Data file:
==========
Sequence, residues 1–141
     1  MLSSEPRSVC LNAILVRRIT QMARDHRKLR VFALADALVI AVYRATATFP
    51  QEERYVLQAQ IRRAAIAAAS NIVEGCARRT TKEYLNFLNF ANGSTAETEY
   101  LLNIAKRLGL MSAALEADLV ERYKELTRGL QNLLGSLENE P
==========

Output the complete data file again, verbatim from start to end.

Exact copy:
Sequence, residues 1–141
     1  MLSSEPRSVC LNAILVRRIT QMARDHRKLR VFALADALVI AVYRATATFP
    51  QEERYVLQAQ IRRAAIAAAS NIVEGCARRT TKEYLNFLNF ANGSTAETEY
   101  LLNIAKRLGL MSAALEADLV ERYKELTRGL QNLLGSLENE P